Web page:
Thursday, May 13, 2010

Tiny Tiny Tesla coil

I was cleaning the Lab and had a few parts that were laying around that gave me an idea. I could take a small plastic wire spool, a dead ink pen, a few bent brass bolts, a few tiny low powered capacitors and a few bits of different wire and build a Tiny Tesla coil. Wow big surprise Huh? After about and hour of work and a bunch of McGivering I ended up with this. It works really well and I have more fun with it than I do with many of my larger coils. What next? A series of ultra tiny tesla coils? Twist my arm.

Friday, April 16, 2010

Wireless Electricity

This is based on a project by Marko at 4hv,org. I laidout the PCB in Express PCB.

"The idea behind the project was to create a small tabletop demonstrator of magnetically coupled wireless power transfer, resembling a miniature version of the MIT 'witricity' device. The goal was to keep the circuit simple with easily obtainable parts, and to keep voltage and power levels low so the device is safe for handling and doesn't require special methods of cooling.

The basic idea is to feed a parallel LC tank circuit from an AC voltage source at it's resonant frequency, which allows large reactive current to circulate in the circuit while only real power is being drawn from the source. This sets up a large alternating magnetic field in the inductor, which is designed as a single conductive loop in this case.
Now, another LC tank with load attached is brought in proximity to the excited LC circuit, significant amounts of power can be transferred via weak magnetic coupling between them. This is because AC current itself in the transmitting loop is very large, and inductive reactance of the receiver loop is canceled out by the capacitor.

For a practical device, the AC voltage source had to be substituted with an appropriate oscillator, which would take feedback from the tank circuit itself and hence always drive it at it's resonant frequency.

The circuit of choice was a slightly modified royer oscillator, such as popularly used in CCFL inverters and for flyback drivers.
Input voltage was limited to 15V for safety and because the circuit tends to become unstable at higher voltages."

Table top coil finished.

Here is the first light on my latest coil.

Tuesday, March 23, 2010

Coil progress

I wound the primary coil and finished all the wiring except for the spark gap and 12v power supply. I also wound the secondary but have yet to photograph it.

Monday, March 22, 2010

Table top Tesla coils.

I have a great combination of parts and performance for a small table top Tesla coil and this will be the second in this line that I have built. This is the lower half of the setup and I still need to wind the Primary and Secondary coils.

Monday, March 15, 2010

I just finished building Franklin's Bells. The bells and hardware are all brass. The terminals are vintage as are the Bakelite standoffs used for the base of the bells and the terminals.

Electrostatic bells like these are often referred to as Franklin's Bells, after the eminent American scientist Benjamin Franklin, who installed them in his house to warn him of approaching thunderstorms, as is recorded in a famous portrait of Franklin observing his set of electrostatic bells as a thunderstorm raged outside. This electrostatic device actually was invented in about 1742 by Andrew Gordon, Professor of Natural Philosophy at the University at Erfurt, Germany. Gordon's Bells constituted the first device that converted electrical energy into mechanical energy in the form of continuous mechanical motion, in this case, the moving of a bell clapper back and forth between two oppositely charged bells.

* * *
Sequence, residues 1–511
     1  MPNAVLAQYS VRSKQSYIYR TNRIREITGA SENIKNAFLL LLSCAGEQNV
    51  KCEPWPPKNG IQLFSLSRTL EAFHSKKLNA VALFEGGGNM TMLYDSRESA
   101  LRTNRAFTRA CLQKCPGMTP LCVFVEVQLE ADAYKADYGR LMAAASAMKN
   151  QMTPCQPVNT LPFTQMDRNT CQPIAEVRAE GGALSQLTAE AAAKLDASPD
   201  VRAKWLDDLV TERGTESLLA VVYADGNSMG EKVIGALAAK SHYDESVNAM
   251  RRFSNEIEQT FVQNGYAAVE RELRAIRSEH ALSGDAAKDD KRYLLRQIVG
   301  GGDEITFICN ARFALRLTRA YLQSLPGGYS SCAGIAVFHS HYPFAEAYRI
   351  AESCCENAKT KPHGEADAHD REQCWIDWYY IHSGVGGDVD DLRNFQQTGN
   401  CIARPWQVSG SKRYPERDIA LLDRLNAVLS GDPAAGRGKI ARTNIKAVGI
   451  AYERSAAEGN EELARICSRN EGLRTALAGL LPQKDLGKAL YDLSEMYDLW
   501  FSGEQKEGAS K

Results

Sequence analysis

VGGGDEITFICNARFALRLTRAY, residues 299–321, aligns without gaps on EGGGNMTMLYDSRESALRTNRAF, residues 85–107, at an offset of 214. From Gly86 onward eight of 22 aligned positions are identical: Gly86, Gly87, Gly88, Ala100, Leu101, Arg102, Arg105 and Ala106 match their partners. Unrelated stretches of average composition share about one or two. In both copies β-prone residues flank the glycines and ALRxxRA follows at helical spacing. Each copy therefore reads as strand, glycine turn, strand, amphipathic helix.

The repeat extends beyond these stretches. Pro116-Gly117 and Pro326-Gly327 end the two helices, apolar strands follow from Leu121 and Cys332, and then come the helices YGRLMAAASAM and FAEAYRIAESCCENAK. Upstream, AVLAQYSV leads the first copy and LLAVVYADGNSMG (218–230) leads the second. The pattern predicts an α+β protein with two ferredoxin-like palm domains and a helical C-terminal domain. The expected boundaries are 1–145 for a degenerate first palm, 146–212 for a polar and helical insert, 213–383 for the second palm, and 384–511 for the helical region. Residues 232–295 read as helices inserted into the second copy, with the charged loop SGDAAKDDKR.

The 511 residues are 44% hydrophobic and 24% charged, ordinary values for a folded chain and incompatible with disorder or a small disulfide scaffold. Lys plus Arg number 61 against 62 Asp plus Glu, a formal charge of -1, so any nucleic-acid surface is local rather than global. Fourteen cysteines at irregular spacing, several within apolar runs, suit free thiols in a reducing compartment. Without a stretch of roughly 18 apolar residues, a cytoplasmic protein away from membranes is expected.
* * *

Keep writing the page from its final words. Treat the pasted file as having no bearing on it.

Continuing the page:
Franklin made use of Gordon's idea by connecting one bell to a pointed rod attached to his chimney and a second bell to ground. This pointed rod discharged electrical energy from heavily charged passing clouds that would cause Franklin's set of Gordon's Bells to ring.

Monday, February 1, 2010

WC Tesla coil revise

The WC coil went through numerous changes. The primary had to be changed after the secondary was replaced. I replaced the spark gap after many failed attempts at making the rotary gap work properly. The new static gap works wonderfully. Such is the life of a Tesla coil.

Monday, January 11, 2010

OMG we are going on vacation.

My lovely Green Butterfly and I are going on a cruise Feb 12 for 12 days. We are booked on the Azamara Journey Azamara Journey
and I cant believe we are going here.

Day 1Miami, Florida
Day 2At Sea
Day 3At Sea
Day 4St. John, U.S.Virgin Islands

Day 5Gustavia, St. Barts

Day 6Fort De France, Martinique

Day 7Bequia, The Grenadines

Day 8Roseau, Dominica

Day 9Basseterre, St. Kitts

Day 10Virgin Gorda, B.V.I.

Day 11At Sea
Day 12At Sea
Day 13Miami, Florida

I'm awake I know I am. Oh Hissy this is going to be a dream with you.


Saturday, January 9, 2010

Control we have a problem.

This control box which I used to control power to my larger coils suffered a catastrophic failure a few weeks ago while running my six inch coil being powered by a NST stack of 3 x 15kV 30mA. I don't think it was the power I think it was a short due to the tight confines in which I placed all of the electronics in this box. I have always felt things were a bit tight but never could find reason to change it seeing that it has proven good in hard service for over 3 years. So I'm working on a new control box that will address all the possible issues I saw in the previous one. RIP